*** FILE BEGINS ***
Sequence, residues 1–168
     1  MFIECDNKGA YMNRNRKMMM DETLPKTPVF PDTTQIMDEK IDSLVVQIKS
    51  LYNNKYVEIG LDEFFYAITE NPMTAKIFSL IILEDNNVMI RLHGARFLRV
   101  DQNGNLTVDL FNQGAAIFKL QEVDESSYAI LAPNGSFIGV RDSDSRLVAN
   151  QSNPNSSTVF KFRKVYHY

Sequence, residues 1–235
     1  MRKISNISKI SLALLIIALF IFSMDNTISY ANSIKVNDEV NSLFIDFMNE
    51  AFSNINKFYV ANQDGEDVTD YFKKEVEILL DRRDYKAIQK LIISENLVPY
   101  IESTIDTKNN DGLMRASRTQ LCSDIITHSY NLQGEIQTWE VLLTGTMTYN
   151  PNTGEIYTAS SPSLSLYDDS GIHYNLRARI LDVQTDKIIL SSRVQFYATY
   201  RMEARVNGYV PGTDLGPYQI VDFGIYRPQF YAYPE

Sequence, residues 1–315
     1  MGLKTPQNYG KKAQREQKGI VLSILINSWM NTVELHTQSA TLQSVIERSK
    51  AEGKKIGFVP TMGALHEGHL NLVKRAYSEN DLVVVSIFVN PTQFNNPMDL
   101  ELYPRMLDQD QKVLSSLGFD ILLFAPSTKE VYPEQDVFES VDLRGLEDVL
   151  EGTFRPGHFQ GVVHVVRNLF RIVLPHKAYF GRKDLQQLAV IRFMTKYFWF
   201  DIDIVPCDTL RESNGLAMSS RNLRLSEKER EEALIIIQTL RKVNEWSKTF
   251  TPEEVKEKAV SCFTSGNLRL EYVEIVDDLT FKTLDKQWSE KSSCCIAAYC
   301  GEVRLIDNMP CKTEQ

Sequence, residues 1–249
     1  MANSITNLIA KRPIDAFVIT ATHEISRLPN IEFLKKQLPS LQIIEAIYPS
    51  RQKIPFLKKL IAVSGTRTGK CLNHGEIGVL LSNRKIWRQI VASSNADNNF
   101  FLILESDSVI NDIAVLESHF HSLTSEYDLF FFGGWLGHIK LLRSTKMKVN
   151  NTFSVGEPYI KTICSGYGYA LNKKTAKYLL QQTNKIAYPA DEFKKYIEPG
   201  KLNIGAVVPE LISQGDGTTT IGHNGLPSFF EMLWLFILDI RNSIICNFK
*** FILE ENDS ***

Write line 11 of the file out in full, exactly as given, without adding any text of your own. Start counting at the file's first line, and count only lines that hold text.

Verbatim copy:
   201  RMEARVNGYV PGTDLGPYQI VDFGIYRPQF YAYPE